One day Hana sees a Japanese soldier heading for where Emi is guarding the day’s catch on the beach. Her mother has told her again and again never to be caught alone with one. Terrified for her sister, Hana swims as hard as she can for the shore.

So begins the story. Switch-backing between Hana in 1943 and Emi as an old woman today, White Chrysanthemum takes us into a dark and devastating corner of history. But pulling us back into the light are two women whose love for one another is strong enough to triumph over the evils of war.

 

The Feed by Nick Clark Windo

Nick Clark Windo has written a startling and timely debut which presents a world and explores what it is to be human in the digital age. How it makes us…and how it destroys us.

The Feed is everywhere. It can be accessed by anyone, at any time. Every interaction, every emotion, every image can be shared through it. Tom and Kate use The Feed, but they have resisted addiction to it which will serve them well when The Feed collapses. Until their six-year-old daughter, Bea, goes missing. How do you find someone in a world devoid of technology? And what happens when you can no longer trust that your loved ones are really who they claim to be?

 

 

Enjoy!

I have a great idea for a book… what do I do next?

You have lots of great ideas that you want to turn into a book – that’s wonderful! Now the hard work starts.  Much needs to happen before an idea becomes a full-grown manuscript.  The first step is to hone your writing skills, through advice from other writers and from your potential readers too. Here are some ideas on where to get that support:

On Writing: a Memoir of the Craft by Stephen King

Part-memoir and part-masterclass, On Writing dispels any doubt that a wealth of knowledge and writing skills underpins Stephen King’s prolific output. He starts with a mini-autobiography, discussing his childhood, and the experiences and influences that helped him to become the author he is; this morphs into a section of advice to budding writers, drawn from questions he had been asked (and some he wished he had).  The final section of the book is a raw and compelling description of his recovery from his near-fatal car accident in 1999.  In serious pain and frustrated with his incapacity, it’s no exaggeration to say that the act of writing helped him to survive that difficult time.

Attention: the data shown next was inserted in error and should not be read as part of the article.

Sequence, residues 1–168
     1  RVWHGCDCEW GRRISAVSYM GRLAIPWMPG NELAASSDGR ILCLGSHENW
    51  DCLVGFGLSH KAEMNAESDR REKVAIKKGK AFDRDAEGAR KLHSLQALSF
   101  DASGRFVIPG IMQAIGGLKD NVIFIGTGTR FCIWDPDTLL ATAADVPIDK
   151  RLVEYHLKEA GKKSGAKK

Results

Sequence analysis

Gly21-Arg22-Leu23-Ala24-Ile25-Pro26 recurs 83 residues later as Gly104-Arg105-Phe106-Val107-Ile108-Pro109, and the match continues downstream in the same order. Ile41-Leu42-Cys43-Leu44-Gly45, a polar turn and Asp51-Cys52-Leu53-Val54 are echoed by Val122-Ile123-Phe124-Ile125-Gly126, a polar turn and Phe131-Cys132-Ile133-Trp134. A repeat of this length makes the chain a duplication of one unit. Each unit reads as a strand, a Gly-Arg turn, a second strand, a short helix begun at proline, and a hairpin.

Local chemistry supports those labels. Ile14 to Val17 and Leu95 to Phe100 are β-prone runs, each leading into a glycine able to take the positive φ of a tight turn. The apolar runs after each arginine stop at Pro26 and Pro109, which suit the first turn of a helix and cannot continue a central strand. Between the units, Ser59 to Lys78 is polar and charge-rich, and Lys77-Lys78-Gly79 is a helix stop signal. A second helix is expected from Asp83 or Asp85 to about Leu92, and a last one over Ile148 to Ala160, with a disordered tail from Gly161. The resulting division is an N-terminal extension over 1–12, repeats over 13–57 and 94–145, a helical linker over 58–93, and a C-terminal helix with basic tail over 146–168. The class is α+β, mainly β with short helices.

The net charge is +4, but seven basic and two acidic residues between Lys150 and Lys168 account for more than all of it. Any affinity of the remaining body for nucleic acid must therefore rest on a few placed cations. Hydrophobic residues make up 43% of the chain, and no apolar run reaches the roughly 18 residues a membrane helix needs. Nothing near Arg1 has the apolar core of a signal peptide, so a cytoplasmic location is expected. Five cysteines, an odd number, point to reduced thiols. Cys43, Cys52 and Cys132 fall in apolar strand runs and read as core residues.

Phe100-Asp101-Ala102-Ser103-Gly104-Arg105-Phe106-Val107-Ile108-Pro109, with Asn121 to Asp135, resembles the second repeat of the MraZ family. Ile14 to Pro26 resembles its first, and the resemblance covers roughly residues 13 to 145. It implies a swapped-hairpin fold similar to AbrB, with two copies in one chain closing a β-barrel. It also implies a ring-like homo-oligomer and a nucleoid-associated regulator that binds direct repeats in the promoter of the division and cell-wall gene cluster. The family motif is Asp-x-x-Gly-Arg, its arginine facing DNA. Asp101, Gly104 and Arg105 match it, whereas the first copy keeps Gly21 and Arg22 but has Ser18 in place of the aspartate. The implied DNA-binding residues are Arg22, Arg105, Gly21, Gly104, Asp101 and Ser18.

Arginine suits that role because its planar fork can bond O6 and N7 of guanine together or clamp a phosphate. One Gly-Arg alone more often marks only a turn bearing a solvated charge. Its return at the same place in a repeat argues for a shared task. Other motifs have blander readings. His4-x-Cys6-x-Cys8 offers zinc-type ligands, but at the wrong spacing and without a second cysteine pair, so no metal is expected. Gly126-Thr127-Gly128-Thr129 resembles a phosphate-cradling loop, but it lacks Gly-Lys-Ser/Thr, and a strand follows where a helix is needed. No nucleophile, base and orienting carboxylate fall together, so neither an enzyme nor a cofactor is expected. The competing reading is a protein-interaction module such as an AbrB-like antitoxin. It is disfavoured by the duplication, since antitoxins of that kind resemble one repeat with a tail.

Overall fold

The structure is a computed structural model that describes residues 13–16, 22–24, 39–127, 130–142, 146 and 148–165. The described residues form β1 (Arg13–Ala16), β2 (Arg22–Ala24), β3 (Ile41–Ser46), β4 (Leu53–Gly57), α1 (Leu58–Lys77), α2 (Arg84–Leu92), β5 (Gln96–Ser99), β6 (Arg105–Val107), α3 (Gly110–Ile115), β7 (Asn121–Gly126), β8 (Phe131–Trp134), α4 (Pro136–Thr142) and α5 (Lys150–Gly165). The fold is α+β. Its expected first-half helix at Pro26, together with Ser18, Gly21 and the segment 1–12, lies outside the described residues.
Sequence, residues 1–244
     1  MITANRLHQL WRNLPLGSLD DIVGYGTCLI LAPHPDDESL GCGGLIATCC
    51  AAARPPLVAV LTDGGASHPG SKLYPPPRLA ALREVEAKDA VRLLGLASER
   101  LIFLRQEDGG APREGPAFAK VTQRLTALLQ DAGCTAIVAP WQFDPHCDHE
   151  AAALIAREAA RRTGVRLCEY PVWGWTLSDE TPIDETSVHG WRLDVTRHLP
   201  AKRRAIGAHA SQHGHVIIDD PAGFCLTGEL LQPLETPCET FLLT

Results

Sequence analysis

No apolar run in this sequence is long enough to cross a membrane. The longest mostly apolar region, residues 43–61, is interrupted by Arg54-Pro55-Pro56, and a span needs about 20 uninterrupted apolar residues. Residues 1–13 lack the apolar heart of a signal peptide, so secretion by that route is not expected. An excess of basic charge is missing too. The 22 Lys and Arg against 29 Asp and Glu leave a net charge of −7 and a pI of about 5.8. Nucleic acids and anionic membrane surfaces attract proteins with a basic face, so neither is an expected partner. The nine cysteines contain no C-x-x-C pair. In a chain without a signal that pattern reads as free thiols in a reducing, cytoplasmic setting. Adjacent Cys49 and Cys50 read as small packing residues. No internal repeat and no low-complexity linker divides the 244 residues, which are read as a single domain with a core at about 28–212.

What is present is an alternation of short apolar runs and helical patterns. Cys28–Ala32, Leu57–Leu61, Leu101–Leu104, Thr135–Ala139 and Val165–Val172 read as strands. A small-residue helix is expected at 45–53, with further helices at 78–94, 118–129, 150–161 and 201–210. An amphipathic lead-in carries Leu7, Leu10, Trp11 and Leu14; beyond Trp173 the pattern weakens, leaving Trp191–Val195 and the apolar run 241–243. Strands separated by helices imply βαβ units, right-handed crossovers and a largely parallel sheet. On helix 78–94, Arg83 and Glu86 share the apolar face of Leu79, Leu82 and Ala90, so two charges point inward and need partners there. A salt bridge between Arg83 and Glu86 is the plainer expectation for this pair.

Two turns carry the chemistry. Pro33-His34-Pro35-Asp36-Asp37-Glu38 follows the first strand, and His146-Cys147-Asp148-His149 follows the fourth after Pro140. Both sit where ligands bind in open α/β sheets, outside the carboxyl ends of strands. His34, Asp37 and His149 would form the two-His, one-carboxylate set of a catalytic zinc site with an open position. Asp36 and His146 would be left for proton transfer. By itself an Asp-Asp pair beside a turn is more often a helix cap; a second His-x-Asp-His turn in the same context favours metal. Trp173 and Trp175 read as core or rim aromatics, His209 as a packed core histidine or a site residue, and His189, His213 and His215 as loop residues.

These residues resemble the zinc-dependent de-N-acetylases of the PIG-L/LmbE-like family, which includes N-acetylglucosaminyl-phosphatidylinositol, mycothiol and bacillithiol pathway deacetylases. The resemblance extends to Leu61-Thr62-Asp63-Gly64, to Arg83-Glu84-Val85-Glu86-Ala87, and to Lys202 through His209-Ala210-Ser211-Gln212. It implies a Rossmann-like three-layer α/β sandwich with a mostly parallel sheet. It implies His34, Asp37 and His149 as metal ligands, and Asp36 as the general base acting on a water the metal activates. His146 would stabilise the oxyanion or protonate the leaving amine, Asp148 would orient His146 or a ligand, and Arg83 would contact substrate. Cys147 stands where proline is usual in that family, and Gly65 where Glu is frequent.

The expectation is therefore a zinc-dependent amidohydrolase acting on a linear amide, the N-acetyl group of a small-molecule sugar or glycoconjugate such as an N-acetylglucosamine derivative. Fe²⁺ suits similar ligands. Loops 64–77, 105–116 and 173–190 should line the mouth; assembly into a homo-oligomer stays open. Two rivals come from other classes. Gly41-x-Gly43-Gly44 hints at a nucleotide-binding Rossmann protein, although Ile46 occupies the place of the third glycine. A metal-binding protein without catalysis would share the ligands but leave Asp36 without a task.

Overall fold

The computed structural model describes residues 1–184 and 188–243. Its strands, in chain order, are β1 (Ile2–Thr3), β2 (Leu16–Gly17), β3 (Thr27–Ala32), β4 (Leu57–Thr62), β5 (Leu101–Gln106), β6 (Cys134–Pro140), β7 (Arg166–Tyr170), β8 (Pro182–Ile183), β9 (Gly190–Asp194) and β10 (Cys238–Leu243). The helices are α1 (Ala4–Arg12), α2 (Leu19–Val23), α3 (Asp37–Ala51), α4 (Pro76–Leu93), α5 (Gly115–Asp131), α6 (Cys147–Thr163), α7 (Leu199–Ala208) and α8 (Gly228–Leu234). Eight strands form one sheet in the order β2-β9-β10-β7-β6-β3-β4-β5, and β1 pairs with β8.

20 Master Plots and How to Build Them by Ronald B. Tobias

This is a fascinating piece of literary analysis as well as a useful writer’s resource. Ronald B. Tobias shows how most powerful, engaging stories fall within 20 timeless and universal “Master Plots” – such as Quest, Adventure, Forbidden Love, and Transformation. Each chapter of this book examines one Master Plot, analysing and explaining how it works, illustrating with literary and cinematic examples, and concluding with checklists that keep writers on-track. Ronald B. Tobias also shows how to adapt and develop these themes to suit your characters, making your fiction more cohesive and convincing.

Why We Write About Ourselves: Twenty Memoirists on why they Expose Themselves (and Others) in the Name of Literature edited by Meredith Maran

Autobiography is the ultimate “writing about what we know”, but laying bare our lives and those of our circles is fraught with social and emotional risks. Here, 20 memoirists including Cheryl Strayed (Wild) and Ayelet Waldman (Bad Mother), tell us why and how they do it.  Many of this diverse and talented group talk about a compulsion to write, hoping that their stories will resonate with and help someone else.  Others dispense advice on how to handle the (both positive and negative) reactions to their work. Part bibliography, part personal reflection and part writer’s manual, Why We Write About Ourselves is inspiring and highly readable.